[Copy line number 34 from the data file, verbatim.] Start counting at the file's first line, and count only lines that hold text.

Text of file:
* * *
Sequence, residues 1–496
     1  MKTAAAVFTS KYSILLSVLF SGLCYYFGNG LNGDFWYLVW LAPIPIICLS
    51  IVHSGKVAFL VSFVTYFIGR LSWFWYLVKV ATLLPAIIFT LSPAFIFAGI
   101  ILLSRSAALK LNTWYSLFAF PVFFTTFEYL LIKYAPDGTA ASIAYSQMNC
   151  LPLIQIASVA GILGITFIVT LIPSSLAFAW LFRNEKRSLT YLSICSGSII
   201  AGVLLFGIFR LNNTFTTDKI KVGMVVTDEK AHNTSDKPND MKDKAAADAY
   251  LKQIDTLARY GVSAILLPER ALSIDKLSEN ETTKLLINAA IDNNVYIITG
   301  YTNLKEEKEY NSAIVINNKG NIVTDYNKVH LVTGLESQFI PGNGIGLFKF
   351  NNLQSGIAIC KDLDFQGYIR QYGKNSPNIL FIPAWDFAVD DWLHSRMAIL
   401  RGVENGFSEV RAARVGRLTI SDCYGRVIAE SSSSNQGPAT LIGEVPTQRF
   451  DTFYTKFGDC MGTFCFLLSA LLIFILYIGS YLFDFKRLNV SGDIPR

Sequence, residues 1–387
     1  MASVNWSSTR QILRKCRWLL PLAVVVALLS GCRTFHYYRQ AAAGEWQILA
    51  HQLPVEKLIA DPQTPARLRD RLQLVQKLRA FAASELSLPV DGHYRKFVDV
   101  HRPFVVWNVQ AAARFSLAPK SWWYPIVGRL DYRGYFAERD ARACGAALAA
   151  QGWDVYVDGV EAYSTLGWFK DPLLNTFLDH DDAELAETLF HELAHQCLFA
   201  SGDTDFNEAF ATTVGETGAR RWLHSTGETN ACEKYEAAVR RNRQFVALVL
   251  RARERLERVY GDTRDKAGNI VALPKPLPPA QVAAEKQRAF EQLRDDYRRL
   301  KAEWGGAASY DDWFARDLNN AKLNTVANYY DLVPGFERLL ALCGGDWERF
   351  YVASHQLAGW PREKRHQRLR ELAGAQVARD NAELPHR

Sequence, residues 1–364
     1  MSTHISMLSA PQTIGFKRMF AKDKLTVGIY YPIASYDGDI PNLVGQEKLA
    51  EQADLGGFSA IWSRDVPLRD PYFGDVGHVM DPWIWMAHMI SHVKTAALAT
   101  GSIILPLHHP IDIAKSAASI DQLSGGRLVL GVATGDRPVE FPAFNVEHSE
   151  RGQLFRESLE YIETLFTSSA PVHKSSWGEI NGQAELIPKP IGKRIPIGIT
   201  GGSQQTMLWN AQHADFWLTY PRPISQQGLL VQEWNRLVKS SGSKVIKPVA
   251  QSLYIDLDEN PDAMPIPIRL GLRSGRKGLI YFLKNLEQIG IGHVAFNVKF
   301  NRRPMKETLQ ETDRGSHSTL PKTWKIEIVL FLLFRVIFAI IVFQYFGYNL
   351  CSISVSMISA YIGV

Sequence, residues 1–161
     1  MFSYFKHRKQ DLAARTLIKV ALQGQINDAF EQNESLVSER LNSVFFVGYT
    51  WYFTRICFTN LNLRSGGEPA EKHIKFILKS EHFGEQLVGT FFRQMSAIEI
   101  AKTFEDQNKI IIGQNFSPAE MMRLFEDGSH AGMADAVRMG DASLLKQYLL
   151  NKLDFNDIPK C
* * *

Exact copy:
   151  NKLDFNDIPK C